Actress Lena Dunham began seeing a therapist at the age of nine to tackle symptoms of obsessive compulsive disorder.
The Girls actress reveals her battle with the anxiety disorder in an excerpt from her new memoir Not That Kind of Girl which was published in The New Yorker this week.
Dunham admits she was "afraid of everything" while growing up and lived in fear of catching a life-threatening illness.
"The germophobia morphs into hypochondria morphs into sexual anxiety morphs into the pain and angst that accompany entry into middle school," Dunham said.
Her parents, who both had therapists of their own, sent her to sessions at the age of nine and she later discovered the reason behind her anxiety.
Dunham writes: "Sitting with my mother in the beauty salon one afternoon, I come across an article about obsessive-compulsive disorder. A woman describes her life, so burdened with obsessions that she has to lick art in museums and crawl on the sidewalk. Her symptoms aren't much worse than mine: the magazine's description of her most horrible day parallels my average one. I tear the article out and bring it to (my therapist), whose face crumples sympathetically, as though the moment she'd been dreading had finally arrived..."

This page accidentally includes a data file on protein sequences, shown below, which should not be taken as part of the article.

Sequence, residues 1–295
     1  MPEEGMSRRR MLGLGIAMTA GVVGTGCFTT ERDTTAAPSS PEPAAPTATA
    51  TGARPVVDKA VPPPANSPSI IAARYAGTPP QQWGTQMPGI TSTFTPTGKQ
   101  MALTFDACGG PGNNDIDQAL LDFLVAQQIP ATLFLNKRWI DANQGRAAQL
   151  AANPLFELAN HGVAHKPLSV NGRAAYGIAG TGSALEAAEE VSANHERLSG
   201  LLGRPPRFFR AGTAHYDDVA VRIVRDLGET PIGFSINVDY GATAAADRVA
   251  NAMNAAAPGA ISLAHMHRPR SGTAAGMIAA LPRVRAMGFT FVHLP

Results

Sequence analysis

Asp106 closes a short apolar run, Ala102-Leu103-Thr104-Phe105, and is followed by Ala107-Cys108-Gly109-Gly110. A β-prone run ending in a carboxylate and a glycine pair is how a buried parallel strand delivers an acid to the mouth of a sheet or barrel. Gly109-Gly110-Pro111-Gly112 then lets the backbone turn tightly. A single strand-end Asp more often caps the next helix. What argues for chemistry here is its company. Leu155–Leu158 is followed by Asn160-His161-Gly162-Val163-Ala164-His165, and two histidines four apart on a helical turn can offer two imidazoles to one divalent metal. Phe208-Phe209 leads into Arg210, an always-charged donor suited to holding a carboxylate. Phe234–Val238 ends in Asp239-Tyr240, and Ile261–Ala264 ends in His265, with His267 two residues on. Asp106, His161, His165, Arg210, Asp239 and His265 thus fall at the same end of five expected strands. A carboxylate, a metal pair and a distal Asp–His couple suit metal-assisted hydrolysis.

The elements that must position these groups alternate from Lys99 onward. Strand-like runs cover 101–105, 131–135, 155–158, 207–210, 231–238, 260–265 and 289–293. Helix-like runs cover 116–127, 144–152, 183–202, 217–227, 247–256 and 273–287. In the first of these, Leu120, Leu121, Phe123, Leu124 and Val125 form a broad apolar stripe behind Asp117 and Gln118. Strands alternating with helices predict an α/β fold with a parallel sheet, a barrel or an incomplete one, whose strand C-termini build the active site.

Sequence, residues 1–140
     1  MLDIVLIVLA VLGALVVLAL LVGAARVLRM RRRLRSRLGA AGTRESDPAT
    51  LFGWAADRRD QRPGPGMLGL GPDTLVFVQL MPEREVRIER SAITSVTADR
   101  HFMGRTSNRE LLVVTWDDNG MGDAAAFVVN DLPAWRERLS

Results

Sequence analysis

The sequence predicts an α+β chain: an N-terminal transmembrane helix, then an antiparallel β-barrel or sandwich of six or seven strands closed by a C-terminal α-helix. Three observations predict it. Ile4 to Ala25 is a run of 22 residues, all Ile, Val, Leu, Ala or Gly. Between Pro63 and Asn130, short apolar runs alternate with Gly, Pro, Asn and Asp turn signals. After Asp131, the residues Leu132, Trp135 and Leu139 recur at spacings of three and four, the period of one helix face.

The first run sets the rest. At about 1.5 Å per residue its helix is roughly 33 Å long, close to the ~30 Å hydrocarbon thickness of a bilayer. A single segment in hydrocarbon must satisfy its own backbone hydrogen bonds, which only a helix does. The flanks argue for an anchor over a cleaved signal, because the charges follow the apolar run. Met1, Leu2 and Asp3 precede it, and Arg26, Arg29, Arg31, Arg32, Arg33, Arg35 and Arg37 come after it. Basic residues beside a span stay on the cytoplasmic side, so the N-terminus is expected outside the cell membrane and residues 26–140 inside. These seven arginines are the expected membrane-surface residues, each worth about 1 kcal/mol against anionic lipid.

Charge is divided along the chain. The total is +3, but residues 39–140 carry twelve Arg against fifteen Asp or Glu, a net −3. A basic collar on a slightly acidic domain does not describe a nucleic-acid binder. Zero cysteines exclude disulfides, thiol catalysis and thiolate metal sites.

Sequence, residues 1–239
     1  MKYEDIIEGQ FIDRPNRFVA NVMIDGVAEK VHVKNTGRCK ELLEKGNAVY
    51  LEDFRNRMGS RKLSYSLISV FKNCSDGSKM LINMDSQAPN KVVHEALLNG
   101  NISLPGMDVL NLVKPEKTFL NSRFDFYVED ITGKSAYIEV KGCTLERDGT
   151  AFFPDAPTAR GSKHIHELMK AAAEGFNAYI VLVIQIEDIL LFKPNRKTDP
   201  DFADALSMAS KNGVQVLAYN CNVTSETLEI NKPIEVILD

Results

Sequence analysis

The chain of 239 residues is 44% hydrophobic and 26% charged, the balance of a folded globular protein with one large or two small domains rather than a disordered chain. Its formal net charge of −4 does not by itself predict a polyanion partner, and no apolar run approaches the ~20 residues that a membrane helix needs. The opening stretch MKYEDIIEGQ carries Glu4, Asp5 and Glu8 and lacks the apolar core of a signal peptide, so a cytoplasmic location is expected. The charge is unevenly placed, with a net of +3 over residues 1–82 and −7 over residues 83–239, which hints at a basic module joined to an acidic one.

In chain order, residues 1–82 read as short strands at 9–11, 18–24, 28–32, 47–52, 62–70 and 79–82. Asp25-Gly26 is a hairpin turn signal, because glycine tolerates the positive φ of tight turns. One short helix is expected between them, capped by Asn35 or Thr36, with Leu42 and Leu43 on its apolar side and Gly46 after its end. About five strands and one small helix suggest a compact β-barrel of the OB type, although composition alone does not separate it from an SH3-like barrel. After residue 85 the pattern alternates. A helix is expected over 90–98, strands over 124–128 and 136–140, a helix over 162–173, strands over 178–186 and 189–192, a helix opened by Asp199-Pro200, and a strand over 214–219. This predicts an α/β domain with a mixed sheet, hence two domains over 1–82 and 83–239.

The actress and director goes on to explain she has learned to cope with her condition over the years, but adds, "My OCD isn't completely gone, but maybe it never will be. Maybe it's part of who I am, part of what I have to manage, the challenge of my life."
Hannah, Dunham's character in Girls, also suffers from the disorder. The memoir will be released on September 30.